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Home Networking with a 3G Router

Solwise NET-3G-3G11nMRW and Sierra Compass 888

My recent posts have been showing off the scenery we find around us in our new home. The downside of all those fantastic hills turned out to be a lack of line-of-sight for Airwire.ie service. So I’m going to use O2’s 3G internet service as I’m unwilling to pay €25 per month for line rental before I even start paying for ADSL service which is lacklustre at best. However, I need to be able to connect multiple machines and so we need a router. I’ve used a Solwise device before at my parents place. Previous experience has been excellent so combined with the price (~€50, ex. delivery) I decided it was the way to go. The main competition to this device is the Dovado UMR or 3GN at €130/€108 delivered. The 3GN wasn’t available when I was considering devices and I must admit I may have been swayed but it is almost twice the cost.

Hardware out of the way first, the Solwise 3G11nMRW is a rebadged 3R161N from Taiwanese company Amigo. This isn’t just a plain old router, there are some nifty features packed away here. A switch on the side of the router allows you to chose between Router, AP and WiFi AP which may prove useful depending on what and how you want to deploy (remember, they’re €50 a pop so they could make for handy APs). It does WDS which makes things interesting. As well as the wall plug you see in the picture above the package also include a DC adaptor (which you can swap with the plug and is 5~12V, 1.5A) so I’m thinking one of these in the car as well – I wonder if you could use solar power with one of these? (I’m too lazy to look it up at the moment) and it can be powered via Mini USB! So, it’s a flexible device. Finally, all the other ports you would now expect on a device like this; 2 LAN (one of which does WAN/LAN when you’re using your 3G for failover with a wired network connection) and 2 USB ports which can be used for your 3G dongle as well as storage, printer or a webcam (I haven’t looked at the supported webcams)

The software running on this is a BlackBox Linux distro. Unfortunately there isn’t SSH or telnet running on the device that might allow you in for a closer look around. I’m thinking that if there was you would have more than a few people interested in running something like OpenWRT on it. While the software on it is quite functional an open firmware would go along ways to making it easier to move device support along quickly. Which leads neatly into the main issue I had with this device when I first got it. Firmware. Before buying I checked that my Sierra Compass 888 was among the supported devices it was. But was no go when I unpacked the router. Not entirely unexpected as the router didn’t ship with the latest firmware. You have to request this rather than download it as apparently people have bricked devices by uploading the wrong firmware. Latest firmware, still no joy so email tech support. A week in and there was no update even though I was chasing for an update – Solwise were waiting for a response from Taiwan. This was really annoying so I decided to skip through the pleasant requests and just express my disgust (i.e. behave like a prick – frustrating and shameful):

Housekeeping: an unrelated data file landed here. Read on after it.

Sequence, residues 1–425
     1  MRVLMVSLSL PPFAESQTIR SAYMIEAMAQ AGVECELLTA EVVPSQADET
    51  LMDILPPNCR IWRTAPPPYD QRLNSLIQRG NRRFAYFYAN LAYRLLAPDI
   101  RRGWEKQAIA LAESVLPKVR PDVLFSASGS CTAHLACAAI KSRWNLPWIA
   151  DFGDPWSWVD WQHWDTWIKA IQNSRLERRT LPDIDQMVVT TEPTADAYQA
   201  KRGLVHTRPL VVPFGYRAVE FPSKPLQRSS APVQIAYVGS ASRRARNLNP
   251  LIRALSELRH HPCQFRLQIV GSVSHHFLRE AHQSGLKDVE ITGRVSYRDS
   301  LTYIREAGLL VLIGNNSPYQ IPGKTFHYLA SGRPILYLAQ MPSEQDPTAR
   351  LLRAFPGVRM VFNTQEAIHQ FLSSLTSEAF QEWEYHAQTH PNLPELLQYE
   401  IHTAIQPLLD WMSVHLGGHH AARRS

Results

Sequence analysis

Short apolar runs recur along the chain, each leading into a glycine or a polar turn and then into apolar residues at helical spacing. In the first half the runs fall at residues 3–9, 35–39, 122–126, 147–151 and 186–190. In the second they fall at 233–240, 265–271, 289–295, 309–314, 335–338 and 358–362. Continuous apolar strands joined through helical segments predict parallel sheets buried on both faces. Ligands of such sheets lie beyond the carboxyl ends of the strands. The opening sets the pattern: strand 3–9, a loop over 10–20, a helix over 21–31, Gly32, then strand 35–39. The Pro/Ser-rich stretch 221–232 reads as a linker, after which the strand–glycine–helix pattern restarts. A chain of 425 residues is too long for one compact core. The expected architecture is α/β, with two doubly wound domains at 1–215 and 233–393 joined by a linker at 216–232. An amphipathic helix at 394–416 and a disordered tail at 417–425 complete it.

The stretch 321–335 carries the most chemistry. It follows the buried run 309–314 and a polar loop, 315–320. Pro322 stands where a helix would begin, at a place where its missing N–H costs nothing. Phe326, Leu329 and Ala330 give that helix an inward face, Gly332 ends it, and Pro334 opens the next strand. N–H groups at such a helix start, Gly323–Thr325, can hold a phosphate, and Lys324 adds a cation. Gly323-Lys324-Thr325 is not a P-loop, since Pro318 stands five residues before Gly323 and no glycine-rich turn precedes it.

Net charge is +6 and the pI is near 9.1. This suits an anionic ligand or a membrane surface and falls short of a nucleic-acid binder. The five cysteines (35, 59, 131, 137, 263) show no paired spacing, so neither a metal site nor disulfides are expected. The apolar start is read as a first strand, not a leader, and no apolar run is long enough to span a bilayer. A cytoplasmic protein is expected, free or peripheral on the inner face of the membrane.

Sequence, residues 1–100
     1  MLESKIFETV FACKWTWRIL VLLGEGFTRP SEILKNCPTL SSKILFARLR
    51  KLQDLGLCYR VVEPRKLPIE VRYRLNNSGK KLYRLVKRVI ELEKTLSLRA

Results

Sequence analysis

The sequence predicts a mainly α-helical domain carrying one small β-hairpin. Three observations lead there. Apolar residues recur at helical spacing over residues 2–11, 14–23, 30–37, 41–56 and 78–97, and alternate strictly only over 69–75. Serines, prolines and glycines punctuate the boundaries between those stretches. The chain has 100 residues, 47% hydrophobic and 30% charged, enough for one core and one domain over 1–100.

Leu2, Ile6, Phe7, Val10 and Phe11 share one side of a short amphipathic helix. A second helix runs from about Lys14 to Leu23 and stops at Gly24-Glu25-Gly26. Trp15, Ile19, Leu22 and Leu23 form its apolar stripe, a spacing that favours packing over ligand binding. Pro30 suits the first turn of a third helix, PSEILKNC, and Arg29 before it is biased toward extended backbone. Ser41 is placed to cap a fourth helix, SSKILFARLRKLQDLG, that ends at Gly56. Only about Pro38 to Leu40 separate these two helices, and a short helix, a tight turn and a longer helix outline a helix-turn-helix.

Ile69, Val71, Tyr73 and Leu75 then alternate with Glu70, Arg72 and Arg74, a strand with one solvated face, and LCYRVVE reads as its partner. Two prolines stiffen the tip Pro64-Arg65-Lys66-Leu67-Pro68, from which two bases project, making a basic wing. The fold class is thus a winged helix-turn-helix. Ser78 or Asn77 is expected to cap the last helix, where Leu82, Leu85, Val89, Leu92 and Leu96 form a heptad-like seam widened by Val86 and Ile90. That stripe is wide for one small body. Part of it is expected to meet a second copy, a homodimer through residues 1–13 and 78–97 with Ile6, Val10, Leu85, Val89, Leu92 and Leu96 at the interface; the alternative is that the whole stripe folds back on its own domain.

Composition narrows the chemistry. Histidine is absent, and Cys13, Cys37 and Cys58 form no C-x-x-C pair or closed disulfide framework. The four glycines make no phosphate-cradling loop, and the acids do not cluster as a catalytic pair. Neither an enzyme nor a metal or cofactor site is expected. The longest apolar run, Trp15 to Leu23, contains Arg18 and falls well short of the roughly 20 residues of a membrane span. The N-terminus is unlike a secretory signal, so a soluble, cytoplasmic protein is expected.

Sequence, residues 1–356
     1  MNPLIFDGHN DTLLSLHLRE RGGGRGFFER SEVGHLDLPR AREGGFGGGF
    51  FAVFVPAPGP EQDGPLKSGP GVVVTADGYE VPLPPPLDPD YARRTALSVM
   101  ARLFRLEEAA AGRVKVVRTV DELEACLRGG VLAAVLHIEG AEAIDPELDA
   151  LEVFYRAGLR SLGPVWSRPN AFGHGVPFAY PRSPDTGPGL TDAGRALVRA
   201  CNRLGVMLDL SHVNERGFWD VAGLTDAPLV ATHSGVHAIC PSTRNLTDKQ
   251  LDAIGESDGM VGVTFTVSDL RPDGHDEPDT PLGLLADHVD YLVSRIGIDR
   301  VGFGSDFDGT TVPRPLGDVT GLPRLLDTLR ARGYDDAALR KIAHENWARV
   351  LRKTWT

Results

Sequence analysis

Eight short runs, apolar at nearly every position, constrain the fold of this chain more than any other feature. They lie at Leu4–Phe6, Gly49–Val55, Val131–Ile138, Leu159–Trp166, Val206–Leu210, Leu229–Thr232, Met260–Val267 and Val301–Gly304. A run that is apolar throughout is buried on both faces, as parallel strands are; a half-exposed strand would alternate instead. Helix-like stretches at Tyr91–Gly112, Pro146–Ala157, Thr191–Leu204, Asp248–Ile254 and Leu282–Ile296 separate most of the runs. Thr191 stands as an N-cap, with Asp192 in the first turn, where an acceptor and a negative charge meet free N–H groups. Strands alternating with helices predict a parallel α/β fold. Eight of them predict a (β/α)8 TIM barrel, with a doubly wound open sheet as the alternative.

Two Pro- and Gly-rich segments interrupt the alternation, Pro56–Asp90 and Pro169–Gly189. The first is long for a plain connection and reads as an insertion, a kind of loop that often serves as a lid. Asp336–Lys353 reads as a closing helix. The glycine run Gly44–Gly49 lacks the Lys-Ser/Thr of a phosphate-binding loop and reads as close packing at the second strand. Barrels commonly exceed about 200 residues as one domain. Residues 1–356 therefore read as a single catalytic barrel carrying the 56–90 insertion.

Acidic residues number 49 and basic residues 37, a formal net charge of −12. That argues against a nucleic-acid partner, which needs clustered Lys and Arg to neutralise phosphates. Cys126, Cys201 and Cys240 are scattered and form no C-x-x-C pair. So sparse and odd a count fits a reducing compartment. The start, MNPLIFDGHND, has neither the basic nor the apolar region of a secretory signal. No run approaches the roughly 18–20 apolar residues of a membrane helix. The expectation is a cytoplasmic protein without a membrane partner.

This did get a response though (I hate when you have to be angry and rude to get something done) from a really, really helpful Louise who runs the @Solwise twitter account. The result was an exchange of tweets and emails culminating in an updated firmware, in about 24 hours, and you guessed it; sweet, sweet 3G powered Wifi internet access!

Since then the device has been a star performer – I had one case of it freezing. I decided to kill the system logging option I had switched on and since then it has been rock solid. I’ve no idea if the two are associated but it’s worth mentioning.

That’s about it for now, I may come back and revise this after a longer usage period. All that’s left is to wrap it up with – buy it if you want a good value 3G Wifi router and are in a position to make sure you have a supported device. For the Solwise folks, I’d say – work on the support because everything else you do is great (Solwise have some great, value-for-money products, turn orders around very quickly and the e-store works just fine)

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